The last few weeks, students have been falling prey to a stomach bug, and on Friday I got it, in spades. I'm slowly on the mend but still not completely out of the woods--and the illness has meant that I was unable to grade papers this weekend: just could not summon the mental or physical energy. I finally got started today--canceled my classes and office hour to stay home and work--but I didn't make nearly the progress I'd hoped. I am perpetually astonished at how much energy it takes to actively think.
What I'm seeing so far is that some students took my advice about the Three Point Rule for their theses--and more did not. The papers are the usual mixed bag: some dreadful, a few good, most in that strange in-between place in which there is hope but a lot of ground to make up.
So far, one lovely blooper: "His excuse for the murder is that the young woman made fun of his gentiles." Well, an obvious case for justifiable homicide.
I do regret canceling the classes today because it meant I didn't get a chance to work with them on the in-class portion of beginning their revisions. Still, those who are engaged in the homework assignment will be cranking away--and most won't really see the problems in their work until they see the papers come back bloody with my red pen. Situation normal.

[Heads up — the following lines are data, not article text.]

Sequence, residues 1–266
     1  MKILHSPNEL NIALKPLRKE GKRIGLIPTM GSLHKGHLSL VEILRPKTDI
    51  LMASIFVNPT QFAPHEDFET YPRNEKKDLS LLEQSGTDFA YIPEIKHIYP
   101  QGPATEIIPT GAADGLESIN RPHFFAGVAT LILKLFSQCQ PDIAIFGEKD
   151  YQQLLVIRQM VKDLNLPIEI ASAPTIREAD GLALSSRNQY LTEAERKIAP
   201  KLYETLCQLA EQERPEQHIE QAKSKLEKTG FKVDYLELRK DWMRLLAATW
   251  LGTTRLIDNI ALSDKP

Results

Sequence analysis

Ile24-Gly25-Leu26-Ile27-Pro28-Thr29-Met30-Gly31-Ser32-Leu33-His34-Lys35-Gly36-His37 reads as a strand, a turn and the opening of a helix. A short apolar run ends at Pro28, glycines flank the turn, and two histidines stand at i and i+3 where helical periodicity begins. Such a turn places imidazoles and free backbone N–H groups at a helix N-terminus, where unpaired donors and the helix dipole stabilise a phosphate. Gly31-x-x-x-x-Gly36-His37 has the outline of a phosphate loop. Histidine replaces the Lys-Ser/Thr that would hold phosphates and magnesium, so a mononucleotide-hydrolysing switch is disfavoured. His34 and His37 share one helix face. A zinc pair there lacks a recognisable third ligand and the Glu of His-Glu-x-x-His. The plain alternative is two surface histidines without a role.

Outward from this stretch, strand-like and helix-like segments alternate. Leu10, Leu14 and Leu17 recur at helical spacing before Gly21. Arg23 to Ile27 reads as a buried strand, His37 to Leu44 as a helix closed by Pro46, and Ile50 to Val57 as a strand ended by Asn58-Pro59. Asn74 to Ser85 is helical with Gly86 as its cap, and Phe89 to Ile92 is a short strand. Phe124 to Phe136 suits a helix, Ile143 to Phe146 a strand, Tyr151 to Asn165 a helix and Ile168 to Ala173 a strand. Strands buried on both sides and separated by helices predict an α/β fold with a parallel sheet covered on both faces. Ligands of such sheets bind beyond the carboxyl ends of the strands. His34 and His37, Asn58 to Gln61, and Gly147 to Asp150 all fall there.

I'm going to have to cancel tomorrow's classes, and blow off at least one committee meeting. I'm going to try to get myself in for P&B at least: there's an important issue being decided and I want to be in on the deliberations. But apart from that, I'll be here, cranking away at the papers. Having broken the initial resistance to the task helps some, but I just have to be resigned to the fact that this is a portion of my job that I will never relish but find too important to slight. I am still considering possibilities for how I can lighten the load for myself and still feel I am providing the guidance I want to provide. How many times have my faithful readers heard me say this? The conundrum I perpetually find myself in is how to balance the differential between what I want to provide for the students (because I actually, truly do care, deeply, about the quality of their education) and the stress that I put myself under as a consequence. I've been teaching at NCC for nine years, and I still don't have that worked out.
Well, one continues to learn, yes, and to experiment, try out new approaches, test limits and theories, experiment with different conceptualizations and consequent priorities. A bit like life, actually.